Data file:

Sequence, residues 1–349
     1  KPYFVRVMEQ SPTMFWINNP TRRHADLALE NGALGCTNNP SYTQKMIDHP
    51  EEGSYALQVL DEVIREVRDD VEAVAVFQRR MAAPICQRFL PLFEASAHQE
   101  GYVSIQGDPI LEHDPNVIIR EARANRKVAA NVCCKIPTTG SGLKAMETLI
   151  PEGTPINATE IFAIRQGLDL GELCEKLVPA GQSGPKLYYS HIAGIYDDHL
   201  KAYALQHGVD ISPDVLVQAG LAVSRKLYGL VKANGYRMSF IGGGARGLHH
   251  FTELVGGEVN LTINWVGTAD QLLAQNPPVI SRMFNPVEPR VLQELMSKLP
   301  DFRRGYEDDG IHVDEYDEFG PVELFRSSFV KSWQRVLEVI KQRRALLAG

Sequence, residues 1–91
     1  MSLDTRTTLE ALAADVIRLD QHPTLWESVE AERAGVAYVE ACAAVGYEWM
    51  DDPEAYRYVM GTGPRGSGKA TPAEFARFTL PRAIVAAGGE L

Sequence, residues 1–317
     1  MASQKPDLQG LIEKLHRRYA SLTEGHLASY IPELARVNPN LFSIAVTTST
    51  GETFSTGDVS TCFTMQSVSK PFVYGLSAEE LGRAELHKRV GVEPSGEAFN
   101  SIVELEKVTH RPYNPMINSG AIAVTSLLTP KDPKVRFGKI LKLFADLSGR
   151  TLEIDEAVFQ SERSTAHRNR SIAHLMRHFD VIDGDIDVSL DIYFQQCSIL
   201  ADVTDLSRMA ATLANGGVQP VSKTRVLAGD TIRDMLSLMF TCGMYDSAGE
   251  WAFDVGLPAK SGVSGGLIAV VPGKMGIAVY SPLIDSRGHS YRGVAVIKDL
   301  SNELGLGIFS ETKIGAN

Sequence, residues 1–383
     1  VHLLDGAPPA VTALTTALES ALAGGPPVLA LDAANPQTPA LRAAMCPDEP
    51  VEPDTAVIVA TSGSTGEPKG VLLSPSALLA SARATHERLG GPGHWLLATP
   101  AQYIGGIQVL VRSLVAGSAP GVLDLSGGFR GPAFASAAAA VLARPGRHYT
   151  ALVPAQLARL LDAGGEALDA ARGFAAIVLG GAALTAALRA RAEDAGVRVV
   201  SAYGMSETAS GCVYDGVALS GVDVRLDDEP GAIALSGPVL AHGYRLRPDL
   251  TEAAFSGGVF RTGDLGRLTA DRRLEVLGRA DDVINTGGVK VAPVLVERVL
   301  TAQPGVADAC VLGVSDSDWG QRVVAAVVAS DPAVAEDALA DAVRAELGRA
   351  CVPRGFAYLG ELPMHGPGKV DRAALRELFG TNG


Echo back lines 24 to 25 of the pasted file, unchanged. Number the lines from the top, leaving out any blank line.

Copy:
   151  ALVPAQLARL LDAGGEALDA ARGFAAIVLG GAALTAALRA RAEDAGVRVV
   201  SAYGMSETAS GCVYDGVALS GVDVRLDDEP GAIALSGPVL AHGYRLRPDL